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Driving Guide for Ireland

Driving in Ireland is much different from most European countries. The biggest variation is that you need to drive on the left side of the road. This can be quite confusing for even the most seasoned drivers. It is important that you do some practice driving near your pick-up location to better prepare yourself for the busy roads. Read this guide for some valuable information about driving in Ireland.

Driver’s License

Type of License


EU license

Any license issue by an EU member is valid in Ireland

Non EU license

If the language of your license is English, it is valid

If it is a different language, you need an international driving permit

All drivers

Must be at least 17 years of age

Must have a valid license from their home country

If your license is printed in English, you will not need an international driving permit (IDP) for Ireland. Click here if you have a license that is printed in a different language. The link will give you detailed information about IDPs.

 Speed Limits

Type of Road

Speed Limit (km/h)

Urban roads (built up areas)


Rural roads (one lane)


National roads (minor highways)


Major highways


All of the speed limits in the Republic of Ireland are expressed in kilometers per hour (km/h). However, in Northern Ireland, the speed limits are expressed in miles per hour (mph). It is important that you are aware of your location and you drive at the correct speed. If you want more information about driving in Northern Ireland, please check out our driving guide for the United Kingdom.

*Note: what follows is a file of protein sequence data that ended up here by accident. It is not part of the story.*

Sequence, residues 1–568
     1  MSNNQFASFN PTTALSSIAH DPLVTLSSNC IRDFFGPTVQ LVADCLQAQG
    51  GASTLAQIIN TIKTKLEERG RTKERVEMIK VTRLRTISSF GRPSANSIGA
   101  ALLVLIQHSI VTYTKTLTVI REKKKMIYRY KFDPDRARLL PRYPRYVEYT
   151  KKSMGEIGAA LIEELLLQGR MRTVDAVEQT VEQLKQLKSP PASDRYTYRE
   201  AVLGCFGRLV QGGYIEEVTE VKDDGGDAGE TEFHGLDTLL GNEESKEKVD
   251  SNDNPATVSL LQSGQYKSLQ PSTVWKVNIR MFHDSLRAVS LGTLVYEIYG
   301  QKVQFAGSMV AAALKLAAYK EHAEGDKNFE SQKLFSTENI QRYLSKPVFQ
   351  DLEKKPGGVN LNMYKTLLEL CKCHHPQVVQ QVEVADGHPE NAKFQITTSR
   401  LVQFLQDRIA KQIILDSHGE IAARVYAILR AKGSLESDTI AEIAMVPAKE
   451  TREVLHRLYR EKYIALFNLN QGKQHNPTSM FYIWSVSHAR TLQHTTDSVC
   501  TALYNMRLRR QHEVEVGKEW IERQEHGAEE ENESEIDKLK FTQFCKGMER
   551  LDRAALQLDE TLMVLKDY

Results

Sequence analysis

Ireland has recently started a campaign to crack down on excessive speeding. There are speed cameras and traps set up by the police to help curb fast driving. That means you should never exceed the posted speed limit. Furthermore, if you are coming from a country that drives on the right, you will want to take it slow to avoid dangerous situations.

Rules of the Road



Flow of traffic

Drive on the LEFT side of the road

Only pass cars on the right hand side

Yield to traffic from the right at intersections and roundabouts

The driver

Is allowed a maximum blood alcohol content (BAC) of .08%

Is not permitted to use a handheld mobile phone

Must carry a spare set of glasses or contacts

Must use headlights from dusk until dawn


Must wear seatbelts at all times

Under 12 years old cannot sit in the front seat

Very small children need to be in the proper safety seat

Driving on the left side of the road will take some practice, but you should feel comfortable in about one day. The most common mistake is when drivers enter the road from an access point on the right side of the road and forget to move into the left lane. It is very helpful to have someone else in the car to navigate and remind you what side you need to be on. It is also a good idea to tape a piece of paper to the dashboard with a reminder to “STAY LEFT.”
If you follow the rules outlined above and drive with caution, you will have a safe and successful driving experience. If you become inattentive and overconfident, you will find yourself in bad situations. For more information about the traffic signs in Ireland, click here.

Parking in Ireland




Monday – Saturday (street)

7:00 – 19:00

1.30 – 1.90 EUR/hour

Sunday (street)

All day


Every day (lot or garage)

All day

1.50 – 2.50 EUR/hour

(1.00 EUR = 0.90 GBP, 1.40 USD)
The prices, times and locations listed above are the general trends for parking in Ireland. Please keep in mind that the restrictions are subject to change in different areas. Not all locations offer free parking on Sunday, and the hours of operation might be longer or shorter. You need to read the street signs to see where and when it is legal to park.
Most of the street parking operates with the pay and display system. That means you need to park your car, pay at the automated ticket machine and display the stub on your dashboard. Ireland has a unique system where the ticket machine prints two stubs so you can hold on to the extra copy and know exactly when you must return to the vehicle.
*Information on this page is accurate as of May 28, 2011